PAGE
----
Posted on October 21, 2020
University of Pretoria (UP) students have successfully restored an unkept public park in Hatfield previously owned by the City of Tshwane Metropolitan Municipality. This is yet another project that has brought their skills out of the classroom and into the community to effect positive change as part of UP’s social responsibility efforts.
The Community Park project, which was launched last year, formed part of the Faculty of Engineering, Built Environment and Information Technology’s Community-Based Project Module (JCP). Initially led by Dr Martina Jordaan and now Nita Mennega, the model gives students the opportunity to use their skills to find solutions for and offer assistance to communities beset with socio-economic challenges.
The park is located on the corner of Richard and Burnett Streets in Hatfield, just outside the gates of UP’s Hillcrest Sports Campus, and is now part of the University’s property. The revamp was carried out in collaboration with UP’s Department of Facilities Management.
Speaking at the launch of the park project last year, final-year mechanical engineering student Altus Bisschoff, who was project manager at the time, said it was a privilege to have led the exercise to restore the park and to have served the Hatfield community.
“We decided to make a multigenerational, multifunctional park to cater for pensioners, schoolchildren and exercisers,” he said. “This is phase one. There is a master plan for the future, in which we envision this park being transformed into a fully functional community park with lots of playground equipment and outdoor gym equipment.”
And they have managed to do just that. This year, the students added general park décor, gym and playground equipment, a safe-landing sandbox and redid the sensory walkway.
Even more impressive is that former UP graduate Paul Ssali, a mechanical engineer of engineering consultants Zutari, voluntarily came on board as project manager this year. “We have witnessed quite a lot of excitement around the gym equipment – quite a number of people are using the equipment already, so we were pleased that it was so well received,” Ssali said.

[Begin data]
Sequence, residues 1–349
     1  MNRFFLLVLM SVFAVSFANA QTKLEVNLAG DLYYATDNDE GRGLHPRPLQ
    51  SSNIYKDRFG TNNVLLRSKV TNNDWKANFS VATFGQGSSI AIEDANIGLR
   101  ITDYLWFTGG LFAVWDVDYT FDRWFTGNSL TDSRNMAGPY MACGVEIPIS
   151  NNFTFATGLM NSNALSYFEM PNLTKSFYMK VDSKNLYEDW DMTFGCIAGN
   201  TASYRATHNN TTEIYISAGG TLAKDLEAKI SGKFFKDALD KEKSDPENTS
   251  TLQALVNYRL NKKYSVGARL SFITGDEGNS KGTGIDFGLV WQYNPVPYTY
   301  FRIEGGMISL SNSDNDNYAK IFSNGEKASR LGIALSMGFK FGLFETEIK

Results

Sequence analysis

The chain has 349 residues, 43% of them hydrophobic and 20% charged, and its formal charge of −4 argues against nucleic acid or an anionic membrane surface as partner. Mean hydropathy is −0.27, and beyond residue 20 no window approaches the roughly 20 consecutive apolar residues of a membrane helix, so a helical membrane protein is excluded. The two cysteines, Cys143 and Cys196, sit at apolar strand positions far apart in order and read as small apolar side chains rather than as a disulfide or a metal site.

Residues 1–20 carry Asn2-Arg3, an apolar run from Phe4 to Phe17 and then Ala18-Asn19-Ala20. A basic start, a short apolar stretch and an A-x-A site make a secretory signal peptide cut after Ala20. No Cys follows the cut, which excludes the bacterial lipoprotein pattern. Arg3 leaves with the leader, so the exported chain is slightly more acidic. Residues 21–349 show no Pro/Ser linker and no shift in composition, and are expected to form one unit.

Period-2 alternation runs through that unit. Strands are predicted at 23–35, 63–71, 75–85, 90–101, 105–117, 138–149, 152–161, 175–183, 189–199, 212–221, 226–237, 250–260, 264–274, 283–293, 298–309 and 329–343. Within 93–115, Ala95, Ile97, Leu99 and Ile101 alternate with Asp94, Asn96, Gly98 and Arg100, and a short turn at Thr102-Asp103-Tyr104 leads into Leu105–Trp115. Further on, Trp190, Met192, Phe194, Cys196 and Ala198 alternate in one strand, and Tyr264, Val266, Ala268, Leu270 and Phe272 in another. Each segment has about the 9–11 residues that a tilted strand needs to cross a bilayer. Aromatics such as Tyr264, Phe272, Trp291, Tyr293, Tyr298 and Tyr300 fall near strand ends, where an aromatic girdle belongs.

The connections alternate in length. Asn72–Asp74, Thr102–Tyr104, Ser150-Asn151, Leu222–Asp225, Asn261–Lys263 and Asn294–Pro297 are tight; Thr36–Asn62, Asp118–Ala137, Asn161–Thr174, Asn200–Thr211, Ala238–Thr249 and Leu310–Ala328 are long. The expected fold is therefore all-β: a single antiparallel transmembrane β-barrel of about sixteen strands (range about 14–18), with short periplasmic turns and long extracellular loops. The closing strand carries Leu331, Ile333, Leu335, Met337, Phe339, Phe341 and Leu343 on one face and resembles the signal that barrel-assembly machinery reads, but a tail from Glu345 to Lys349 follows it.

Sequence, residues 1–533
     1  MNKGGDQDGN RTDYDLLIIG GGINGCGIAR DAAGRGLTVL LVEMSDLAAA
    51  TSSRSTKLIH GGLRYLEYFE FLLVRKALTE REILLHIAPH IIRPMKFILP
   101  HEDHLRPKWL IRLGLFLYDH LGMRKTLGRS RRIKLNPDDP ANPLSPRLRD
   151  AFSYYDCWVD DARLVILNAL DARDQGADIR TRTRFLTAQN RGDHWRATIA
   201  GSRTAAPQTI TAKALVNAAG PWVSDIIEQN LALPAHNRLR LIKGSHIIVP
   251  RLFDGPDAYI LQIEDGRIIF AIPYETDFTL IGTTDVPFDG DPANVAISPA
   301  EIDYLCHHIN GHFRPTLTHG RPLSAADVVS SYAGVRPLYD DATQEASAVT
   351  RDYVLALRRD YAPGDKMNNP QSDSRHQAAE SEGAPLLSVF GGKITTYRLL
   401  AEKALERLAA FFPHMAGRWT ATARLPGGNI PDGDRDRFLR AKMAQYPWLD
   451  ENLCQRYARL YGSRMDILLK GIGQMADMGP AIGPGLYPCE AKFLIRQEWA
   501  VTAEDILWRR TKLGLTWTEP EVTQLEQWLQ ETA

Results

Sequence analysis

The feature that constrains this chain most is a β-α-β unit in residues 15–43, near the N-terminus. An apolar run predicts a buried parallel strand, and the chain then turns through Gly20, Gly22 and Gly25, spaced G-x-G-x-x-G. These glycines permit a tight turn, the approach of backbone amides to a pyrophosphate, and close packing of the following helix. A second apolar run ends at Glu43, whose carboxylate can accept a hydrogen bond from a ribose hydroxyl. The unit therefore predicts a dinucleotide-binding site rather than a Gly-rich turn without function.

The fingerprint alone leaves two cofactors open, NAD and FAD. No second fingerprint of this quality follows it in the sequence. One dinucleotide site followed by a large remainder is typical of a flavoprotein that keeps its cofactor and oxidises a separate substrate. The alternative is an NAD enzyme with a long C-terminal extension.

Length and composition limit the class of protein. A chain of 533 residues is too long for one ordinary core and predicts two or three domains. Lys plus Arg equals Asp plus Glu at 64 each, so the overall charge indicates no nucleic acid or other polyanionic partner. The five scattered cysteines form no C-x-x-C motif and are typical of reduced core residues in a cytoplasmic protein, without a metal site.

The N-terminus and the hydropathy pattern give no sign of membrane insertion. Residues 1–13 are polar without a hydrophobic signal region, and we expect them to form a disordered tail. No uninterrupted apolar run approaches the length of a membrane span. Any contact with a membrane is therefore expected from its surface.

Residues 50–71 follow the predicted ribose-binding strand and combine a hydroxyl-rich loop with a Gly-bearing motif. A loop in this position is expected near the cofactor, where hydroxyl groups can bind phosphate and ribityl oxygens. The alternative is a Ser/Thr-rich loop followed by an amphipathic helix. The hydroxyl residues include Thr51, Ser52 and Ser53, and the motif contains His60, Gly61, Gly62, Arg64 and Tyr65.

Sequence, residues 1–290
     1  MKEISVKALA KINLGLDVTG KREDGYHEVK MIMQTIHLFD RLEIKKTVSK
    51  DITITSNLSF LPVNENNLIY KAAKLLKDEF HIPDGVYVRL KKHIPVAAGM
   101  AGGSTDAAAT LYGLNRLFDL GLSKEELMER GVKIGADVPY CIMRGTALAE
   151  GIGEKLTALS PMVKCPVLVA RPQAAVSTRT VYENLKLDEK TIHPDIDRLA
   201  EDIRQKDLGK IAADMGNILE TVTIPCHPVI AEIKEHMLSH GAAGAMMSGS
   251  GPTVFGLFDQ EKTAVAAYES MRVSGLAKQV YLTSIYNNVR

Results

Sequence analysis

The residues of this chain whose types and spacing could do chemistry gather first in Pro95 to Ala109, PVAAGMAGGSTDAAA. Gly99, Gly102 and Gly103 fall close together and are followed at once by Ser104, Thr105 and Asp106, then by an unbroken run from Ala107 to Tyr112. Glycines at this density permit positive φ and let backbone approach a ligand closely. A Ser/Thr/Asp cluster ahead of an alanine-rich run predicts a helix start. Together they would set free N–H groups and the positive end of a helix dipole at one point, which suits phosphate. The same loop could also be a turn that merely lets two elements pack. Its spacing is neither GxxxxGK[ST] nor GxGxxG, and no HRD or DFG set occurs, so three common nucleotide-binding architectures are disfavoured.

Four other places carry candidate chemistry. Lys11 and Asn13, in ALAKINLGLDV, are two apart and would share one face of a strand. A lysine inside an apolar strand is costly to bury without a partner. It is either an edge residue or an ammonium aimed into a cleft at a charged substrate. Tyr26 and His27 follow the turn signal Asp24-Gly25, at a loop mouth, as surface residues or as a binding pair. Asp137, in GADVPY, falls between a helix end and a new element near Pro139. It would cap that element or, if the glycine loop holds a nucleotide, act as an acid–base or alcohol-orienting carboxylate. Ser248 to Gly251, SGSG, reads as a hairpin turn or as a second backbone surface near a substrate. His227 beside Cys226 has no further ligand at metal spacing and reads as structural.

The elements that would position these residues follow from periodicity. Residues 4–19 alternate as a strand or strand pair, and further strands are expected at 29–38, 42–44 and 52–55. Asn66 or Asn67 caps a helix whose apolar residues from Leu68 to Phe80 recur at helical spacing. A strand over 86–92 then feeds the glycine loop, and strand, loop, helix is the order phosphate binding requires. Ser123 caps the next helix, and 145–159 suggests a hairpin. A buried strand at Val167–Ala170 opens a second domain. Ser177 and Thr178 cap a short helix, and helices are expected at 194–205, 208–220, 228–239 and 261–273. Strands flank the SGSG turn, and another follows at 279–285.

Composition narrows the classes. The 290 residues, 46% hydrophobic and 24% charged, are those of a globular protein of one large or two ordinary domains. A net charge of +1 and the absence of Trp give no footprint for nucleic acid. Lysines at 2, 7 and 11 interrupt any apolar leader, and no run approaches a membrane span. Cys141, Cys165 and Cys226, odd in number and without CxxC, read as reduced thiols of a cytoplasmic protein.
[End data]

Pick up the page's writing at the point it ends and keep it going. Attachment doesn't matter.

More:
“We all have a part to play,” he said. “That’s why, over the past five years, I have been participating as a JCP mentor to help Dr Jordaan and JCP students where I can. I encourage all my fellow alumni to do the same, as every bit of effort counts.”
The restoration, however, didn’t come without challenges – the COVID-19 pandemic being the most obvious. “The lack of access to the park delayed things, and many of the suppliers were closed for an extended period, with many not reopening at all,” Ssali explained. “We planned to have completed the project much earlier, but we had to move the dates quite a bit.”
Ssali hopes that the University will continue to make more of these sorts of upliftment projects available to students. “The park does more than add value to the surrounding community; it also fosters a sense of responsibility in the students involved and allows them to gain real-life experience in project planning, design and execution.”
He added that he hopes the park will keep improving over the next few years. “The project reinforces my belief in the need for mentorship and coaching for our younger generation,” he said. “If we are going to help students prepare for the new future, we need to be more hands-on and nurture the skills required to guarantee their success and expedite our economic growth, now more than ever.”
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